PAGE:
Taps are an absolutely essential item for your bathroom. After all, is a bathroom really a bathroom without taps?
For most bathrooms, their taps are situated right on, or above their bathroom basin (if you’re not sure where you should place your taps, this guide will help you out).
Once you’ve got that sorted out, the next thing is to choose the right tap. Chances are that the basin you bought comes with tapholes that are ready to use with whatever tap you want.
Before you take the plunge, it’s best to know the types of basin taps that you should be eyeing.
The truth is, there are plenty of different types of basin taps, certainly more than 4. But for the intents and purposes of being practical (and readable) we are going to list the 4 main types that will cover the majority of cases.
Let’s begin, shall we?
1. Pillar Taps
These are classics when it comes to the tap world. In fact, they are still very popular in the UK. The rest of the world? Not so much.
Pillar taps use two taps – one for cold and one for hot water. The key advantage of this is that both hot and cold water can have different pressures since they are using different taps. This is great if your plumbing system is old, as is common in heritage houses, where most pillar taps are found.
These taps are almost always situated on the bathroom basin due to their relatively short height.
2. Monobloc Taps
Pretty cool name, right? Also known as mono basin taps, these taps are featured in modern bathrooms all over the world.
The reason for this? Simplicity and style. You see, these taps use a single taphole and single spout for hot AND cold water! With one lever (that’s a lot of mono!), you can control both the flow and temperature. Some models also come with twin levers to control both hot and cold independently, though they are less common.
The ease of use of such a tap has led to the explosion in its popularity and as such, there are literally thousands of models on the market today that come in all kinds of finishes.
It’s worth mentioning a popular variation of this tap, and that is the high basin mixer. It’s the same sort of tap just, well, a lot taller. Perfect for countertop basins and commonly mounted behind the basin itself as they have a substantial horizontal reach.
3. Wall Mounted Basin Mixer Taps
As the name suggests, these taps are connected to your bathroom wall. As such they, they do not require any tapholes in your basin, but do need holes in the wall.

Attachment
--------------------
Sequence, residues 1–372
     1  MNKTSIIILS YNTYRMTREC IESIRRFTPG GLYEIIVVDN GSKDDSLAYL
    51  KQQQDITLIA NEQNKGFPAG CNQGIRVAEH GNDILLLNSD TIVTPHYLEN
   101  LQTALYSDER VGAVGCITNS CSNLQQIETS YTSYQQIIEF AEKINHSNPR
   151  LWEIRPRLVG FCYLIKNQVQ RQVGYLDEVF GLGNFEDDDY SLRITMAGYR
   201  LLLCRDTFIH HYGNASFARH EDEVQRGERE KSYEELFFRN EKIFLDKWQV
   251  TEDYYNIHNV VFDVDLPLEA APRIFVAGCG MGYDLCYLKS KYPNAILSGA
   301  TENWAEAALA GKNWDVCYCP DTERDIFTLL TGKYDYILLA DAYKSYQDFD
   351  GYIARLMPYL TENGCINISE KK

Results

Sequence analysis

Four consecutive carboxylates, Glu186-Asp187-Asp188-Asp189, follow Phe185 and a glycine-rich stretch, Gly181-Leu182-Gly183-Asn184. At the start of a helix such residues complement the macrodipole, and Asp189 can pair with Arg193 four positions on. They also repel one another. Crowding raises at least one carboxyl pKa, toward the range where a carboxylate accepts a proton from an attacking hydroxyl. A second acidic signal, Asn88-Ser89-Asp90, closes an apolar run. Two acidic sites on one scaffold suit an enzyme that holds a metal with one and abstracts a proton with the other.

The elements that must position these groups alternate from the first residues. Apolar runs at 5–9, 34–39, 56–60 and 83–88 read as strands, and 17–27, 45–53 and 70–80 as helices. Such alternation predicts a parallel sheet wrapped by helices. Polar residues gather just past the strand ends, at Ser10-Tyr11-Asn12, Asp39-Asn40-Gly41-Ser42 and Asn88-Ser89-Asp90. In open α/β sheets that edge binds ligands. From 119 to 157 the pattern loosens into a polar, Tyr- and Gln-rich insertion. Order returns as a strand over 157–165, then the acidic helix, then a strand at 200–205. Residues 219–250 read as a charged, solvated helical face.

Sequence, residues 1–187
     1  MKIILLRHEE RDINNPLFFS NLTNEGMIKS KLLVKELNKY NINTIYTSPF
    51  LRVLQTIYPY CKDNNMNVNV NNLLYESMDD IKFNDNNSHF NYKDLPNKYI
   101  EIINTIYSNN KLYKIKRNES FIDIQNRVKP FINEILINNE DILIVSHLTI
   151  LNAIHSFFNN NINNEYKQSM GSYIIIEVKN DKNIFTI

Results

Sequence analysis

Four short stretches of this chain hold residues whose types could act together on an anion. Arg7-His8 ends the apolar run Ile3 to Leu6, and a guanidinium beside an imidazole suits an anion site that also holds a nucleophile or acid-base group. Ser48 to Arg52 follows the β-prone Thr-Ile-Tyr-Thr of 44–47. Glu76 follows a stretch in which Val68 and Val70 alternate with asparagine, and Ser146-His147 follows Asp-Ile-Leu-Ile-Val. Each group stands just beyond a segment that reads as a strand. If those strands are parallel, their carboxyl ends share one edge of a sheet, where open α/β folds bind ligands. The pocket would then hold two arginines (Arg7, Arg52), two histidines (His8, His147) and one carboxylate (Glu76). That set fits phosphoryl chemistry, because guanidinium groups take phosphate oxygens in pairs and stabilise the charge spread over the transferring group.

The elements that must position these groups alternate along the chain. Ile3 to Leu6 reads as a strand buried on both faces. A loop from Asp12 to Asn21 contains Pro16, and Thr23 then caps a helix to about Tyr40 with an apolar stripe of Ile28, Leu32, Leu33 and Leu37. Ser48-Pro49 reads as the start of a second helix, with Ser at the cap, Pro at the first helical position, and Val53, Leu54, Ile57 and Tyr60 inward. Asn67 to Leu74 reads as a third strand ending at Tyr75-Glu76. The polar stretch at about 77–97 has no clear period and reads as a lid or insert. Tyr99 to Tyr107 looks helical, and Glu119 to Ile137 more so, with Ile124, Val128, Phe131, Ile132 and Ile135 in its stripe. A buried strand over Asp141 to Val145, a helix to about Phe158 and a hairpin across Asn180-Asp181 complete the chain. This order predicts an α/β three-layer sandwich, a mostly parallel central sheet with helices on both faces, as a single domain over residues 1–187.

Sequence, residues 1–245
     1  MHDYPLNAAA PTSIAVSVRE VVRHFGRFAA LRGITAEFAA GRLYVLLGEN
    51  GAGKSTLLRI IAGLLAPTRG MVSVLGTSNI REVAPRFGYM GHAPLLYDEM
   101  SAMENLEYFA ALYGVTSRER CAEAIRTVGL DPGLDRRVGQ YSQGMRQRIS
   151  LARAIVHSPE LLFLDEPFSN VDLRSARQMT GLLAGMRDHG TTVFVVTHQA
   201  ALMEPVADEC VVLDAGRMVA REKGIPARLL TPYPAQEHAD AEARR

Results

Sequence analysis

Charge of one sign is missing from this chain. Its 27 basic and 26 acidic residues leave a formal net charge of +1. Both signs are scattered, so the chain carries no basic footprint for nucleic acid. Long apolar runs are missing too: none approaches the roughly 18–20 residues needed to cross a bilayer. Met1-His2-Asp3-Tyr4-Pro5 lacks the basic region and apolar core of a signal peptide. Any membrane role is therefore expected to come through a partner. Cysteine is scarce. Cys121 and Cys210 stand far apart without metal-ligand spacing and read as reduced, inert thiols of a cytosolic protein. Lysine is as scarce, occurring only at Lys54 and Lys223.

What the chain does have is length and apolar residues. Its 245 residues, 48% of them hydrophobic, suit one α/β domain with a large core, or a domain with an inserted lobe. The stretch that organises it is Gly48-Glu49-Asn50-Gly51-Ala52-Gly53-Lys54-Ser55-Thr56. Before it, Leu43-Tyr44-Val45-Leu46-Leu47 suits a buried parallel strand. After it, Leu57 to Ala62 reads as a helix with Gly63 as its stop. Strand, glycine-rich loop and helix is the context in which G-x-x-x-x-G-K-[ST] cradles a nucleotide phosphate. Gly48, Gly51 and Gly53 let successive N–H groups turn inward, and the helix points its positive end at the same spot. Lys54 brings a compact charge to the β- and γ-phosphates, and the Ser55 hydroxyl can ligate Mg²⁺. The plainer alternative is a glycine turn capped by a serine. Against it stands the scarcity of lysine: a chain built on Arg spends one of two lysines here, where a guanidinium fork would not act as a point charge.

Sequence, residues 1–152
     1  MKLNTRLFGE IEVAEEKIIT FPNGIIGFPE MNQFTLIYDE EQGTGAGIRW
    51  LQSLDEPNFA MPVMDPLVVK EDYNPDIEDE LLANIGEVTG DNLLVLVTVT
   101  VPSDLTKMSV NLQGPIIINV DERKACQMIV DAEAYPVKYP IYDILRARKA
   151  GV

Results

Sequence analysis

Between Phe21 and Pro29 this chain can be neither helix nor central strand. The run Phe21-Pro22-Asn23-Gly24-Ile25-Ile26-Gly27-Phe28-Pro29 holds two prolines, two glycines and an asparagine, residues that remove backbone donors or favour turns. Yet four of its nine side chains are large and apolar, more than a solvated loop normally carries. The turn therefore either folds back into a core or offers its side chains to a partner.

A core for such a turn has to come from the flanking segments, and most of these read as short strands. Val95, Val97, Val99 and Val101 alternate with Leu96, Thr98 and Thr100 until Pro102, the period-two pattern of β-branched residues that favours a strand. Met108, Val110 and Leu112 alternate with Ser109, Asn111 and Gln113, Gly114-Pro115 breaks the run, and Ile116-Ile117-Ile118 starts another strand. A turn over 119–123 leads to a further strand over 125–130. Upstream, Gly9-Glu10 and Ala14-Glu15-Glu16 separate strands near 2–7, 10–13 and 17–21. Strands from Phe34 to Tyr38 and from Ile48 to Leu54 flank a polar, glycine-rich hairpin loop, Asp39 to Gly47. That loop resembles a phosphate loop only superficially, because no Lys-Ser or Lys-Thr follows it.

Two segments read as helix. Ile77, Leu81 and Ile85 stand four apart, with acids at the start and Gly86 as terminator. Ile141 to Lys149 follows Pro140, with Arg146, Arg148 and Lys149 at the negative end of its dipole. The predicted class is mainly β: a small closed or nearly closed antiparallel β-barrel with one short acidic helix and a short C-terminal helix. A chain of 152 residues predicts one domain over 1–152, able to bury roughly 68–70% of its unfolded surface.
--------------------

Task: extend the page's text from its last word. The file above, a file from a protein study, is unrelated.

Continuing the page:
The wall mount comes with a lever (for hot and cold) and of course a basin spout. You can also choose between designs that have a backplate or not.
For those wanting a space saving design, or really want to flesh out their basin as a centrepiece, these taps are a great choice. They are also suitable for countertop basins where the extra height comes in handy.
4. 3 Piece Tap Sets
As the name suggests, these taps come in 3 parts and as such, require 3 tap holes in your basin or countertop. They have a similar function to a monobloc tap but in a different form. While hot and cold water does come out of a single spout, it is controlled by a respective hot and cold lever.
It is true, a tap with a single lever is probably easier to use, but who can deny the style of a 3-piece tap set? As such, they are generally pricier too.
An Honourable Mention…
Like we said at the beginning of this article, there are more taps out there. In fact, there are some really popular taps that we haven’t even mentioned. The one caveat? They are not that typical or appealing when it comes to your average home bathroom. We’ll mention this one anyway because its pretty popular…
5. Non-Concussive Basin Taps
These babies are mostly found in public bathrooms. We are sure you’ve seen them before. Push the front down and you’re greeted with a pre-determined hot or cold water at a certain pressure. It usually lasts up to 15 seconds and automatically turns off. By far the easiest tap to use – but perhaps not the most practical – and handy if saving water is your thing.
Basin taps should be considered as an important choice in your bathroom design just like any other fixture.
And it makes sense, right? Every component of your bathroom needs to flow well together or your design will break or simply look awkward.
With this guide we hope that your first step in choosing you bathroom taps is made easier and complements your bathroom.